COVID-19 has made all of us face a new reality over the past year, with no certainty of when things will go back to normal. Indeed, it seems like the world will not fully go back to the way it was even when this is over. Some things have been irreparably damaged, but on the other hand, the pandemic also made people aware of new ways they could work.
Every industry had to find a way to adapt to the on and off restrictions and lockdowns caused by outbreaks of the virulent disease plaguing the world. After all, this was the first time in recorded history that such a catastrophe had occurred on a global scale. Almost every country was affected by the virus, because of the prevalence of international trade and air travel. Previously, pandemics would spread in specific areas instead of being transmitted on such a wide scale. Our globalized world may be quite convenient for us, but such drawbacks are part and parcel of this state of things.
This means that individuals and businesses have to deal with the repercussions of such crises, and adapt as much as they can. The COVID-19 pandemic made this abundantly clear, with numerous businesses having to shut down due to the economic fallout. However, many others continued to push through, and with restrictions being managed more leniently, even started to recover.
The hardware industry was as adversely affected as any during this past year, and had to change its work methodology accordingly. Many companies realized the importance of innovation and communication, and the opportunities presented by remote work. They explored new avenues of innovation, including hardware-specific collaborative tools and open-source hardware design.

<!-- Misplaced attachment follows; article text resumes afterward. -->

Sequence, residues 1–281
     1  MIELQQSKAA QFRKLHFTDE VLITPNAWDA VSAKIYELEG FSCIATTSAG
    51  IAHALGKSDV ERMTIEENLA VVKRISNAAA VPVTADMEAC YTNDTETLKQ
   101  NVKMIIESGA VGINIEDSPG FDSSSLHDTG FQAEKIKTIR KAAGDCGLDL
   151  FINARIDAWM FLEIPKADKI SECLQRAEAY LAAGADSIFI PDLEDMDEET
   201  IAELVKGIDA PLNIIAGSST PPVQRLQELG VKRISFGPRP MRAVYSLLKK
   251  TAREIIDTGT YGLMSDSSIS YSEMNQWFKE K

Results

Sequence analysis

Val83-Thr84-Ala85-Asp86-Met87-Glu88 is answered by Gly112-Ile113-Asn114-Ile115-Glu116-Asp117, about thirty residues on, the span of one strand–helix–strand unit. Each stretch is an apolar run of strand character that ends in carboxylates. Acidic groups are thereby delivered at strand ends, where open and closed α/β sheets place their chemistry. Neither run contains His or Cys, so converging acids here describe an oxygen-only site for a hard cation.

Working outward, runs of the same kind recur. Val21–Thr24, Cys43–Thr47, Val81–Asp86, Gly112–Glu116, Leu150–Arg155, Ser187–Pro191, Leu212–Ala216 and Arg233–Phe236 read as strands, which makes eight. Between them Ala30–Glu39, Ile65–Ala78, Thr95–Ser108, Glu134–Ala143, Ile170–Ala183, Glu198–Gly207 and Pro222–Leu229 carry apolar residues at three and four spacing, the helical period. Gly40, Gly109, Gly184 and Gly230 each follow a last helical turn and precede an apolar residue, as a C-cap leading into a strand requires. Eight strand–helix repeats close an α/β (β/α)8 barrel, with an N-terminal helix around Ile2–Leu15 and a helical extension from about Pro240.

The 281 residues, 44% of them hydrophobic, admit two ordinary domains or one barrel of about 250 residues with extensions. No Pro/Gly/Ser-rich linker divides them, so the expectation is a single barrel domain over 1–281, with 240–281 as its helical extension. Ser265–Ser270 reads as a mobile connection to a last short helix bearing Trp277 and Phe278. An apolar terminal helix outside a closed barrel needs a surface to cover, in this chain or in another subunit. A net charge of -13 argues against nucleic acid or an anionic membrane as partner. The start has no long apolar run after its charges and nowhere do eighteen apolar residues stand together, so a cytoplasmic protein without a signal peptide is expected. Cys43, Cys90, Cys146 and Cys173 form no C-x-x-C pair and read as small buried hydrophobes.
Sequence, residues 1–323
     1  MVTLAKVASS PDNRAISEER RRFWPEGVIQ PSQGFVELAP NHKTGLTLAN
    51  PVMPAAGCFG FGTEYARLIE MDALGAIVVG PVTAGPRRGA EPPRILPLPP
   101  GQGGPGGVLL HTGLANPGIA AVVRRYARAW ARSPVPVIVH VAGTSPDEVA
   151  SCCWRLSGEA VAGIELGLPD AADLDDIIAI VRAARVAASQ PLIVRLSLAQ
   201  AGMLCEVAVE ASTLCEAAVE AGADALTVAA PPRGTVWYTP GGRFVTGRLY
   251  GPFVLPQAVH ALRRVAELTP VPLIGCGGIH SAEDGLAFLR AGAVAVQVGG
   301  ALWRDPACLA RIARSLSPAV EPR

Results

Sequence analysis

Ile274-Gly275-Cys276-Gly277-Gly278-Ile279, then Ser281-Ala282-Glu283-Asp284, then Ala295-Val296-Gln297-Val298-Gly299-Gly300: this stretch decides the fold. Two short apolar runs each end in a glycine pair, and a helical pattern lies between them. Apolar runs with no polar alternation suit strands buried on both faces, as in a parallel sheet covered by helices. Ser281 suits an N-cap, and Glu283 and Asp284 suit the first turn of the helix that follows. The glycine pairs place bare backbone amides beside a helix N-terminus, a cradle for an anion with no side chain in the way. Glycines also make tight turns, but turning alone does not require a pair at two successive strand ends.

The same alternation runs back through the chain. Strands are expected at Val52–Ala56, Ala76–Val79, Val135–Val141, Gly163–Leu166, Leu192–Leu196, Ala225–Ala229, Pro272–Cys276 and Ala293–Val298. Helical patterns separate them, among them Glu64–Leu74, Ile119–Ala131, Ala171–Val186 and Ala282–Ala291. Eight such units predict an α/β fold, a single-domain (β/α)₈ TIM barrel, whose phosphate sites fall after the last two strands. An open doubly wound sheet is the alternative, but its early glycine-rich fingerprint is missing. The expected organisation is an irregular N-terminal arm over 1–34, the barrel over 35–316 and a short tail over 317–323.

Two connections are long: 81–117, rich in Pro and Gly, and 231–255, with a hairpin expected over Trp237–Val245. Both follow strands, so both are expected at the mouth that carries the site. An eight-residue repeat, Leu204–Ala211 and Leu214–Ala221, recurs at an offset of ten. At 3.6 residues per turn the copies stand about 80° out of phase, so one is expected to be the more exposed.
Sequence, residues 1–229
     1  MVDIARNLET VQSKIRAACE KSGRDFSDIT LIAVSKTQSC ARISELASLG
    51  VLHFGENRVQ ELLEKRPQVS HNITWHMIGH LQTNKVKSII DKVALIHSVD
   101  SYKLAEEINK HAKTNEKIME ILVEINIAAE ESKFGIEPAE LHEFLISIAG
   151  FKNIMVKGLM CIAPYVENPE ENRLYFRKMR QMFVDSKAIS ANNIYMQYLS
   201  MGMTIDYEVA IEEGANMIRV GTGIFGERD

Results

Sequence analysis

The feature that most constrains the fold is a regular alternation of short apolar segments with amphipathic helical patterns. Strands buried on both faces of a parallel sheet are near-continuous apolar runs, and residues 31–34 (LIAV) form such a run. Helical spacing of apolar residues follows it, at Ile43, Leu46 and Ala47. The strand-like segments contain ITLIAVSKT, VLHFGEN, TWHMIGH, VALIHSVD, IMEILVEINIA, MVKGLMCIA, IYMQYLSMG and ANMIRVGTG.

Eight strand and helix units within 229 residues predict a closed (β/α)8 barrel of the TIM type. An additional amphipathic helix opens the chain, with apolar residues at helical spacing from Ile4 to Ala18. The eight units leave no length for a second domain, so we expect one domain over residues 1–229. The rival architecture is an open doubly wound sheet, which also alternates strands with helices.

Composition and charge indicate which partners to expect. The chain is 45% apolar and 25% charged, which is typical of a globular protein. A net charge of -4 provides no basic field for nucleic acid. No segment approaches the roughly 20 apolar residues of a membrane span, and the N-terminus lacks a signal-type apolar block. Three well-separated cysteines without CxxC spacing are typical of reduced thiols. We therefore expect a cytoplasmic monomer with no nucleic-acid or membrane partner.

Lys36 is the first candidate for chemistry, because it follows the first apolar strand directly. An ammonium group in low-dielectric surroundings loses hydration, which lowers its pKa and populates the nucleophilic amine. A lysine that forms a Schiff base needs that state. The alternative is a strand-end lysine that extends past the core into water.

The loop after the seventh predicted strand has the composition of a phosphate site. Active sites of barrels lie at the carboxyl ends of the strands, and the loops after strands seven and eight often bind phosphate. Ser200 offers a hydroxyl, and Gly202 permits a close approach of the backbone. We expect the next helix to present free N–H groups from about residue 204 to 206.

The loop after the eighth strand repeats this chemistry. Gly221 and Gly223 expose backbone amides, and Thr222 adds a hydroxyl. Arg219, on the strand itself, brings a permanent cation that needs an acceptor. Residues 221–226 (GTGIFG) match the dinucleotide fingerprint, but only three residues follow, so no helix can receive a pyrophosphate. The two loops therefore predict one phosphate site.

What is open-source hardware?
Open-source hardware refers to the designs and other specifications of a product which are open to the public to alter, create, manufacture, and distribute. Anyone can access these designs and contribute to them. This fosters innovation, as an amalgamation of ideas comes together to create the most effective product possible. In addition, without restrictive licensing in place, distribution also becomes much easier.
How can it help the hardware industry recover?
Studies have shown that even during the pandemic, companies which focused on innovation rather than cost-cutting fared relatively well. This goes to show that if companies offer innovative products which add value to people's lives, those products will sell. The pandemic might have slowed down work in formal environments, but the internet is a land of limitless opportunities. It has made open-source designs available to anyone in the world who wants to access them, leading to collaboration between global innovators.
With more people working on designs, they get completed faster, with more innovation involved. The pandemic made this quite clear, as open-source designs made healthcare solutions more responsive. Without licensing hindrances, anyone in the world could manufacture and distribute much-needed solutions to the public at lower costs. It has lead to the rise of the Hardware-as-a-Service (HaaS) model as well.
A good way to promote this trend is to have standard toolkits with elements such as 3D printers, filaments and sensors for engineers to work with. This will help build skills for the future, improve local capacity, and promote small-scale enterprises. Resultantly, manufacturing and distribution problems faced during the pandemic can be tackled via open-source hardware. It also saves local, small-scale industries, saves on transport and licensing costs, and to top it off.
In conclusion, open-source hardware is an excellent and viable solution for the post-COVID industry, and its benefits extend to climate, transport, and healthcare as well.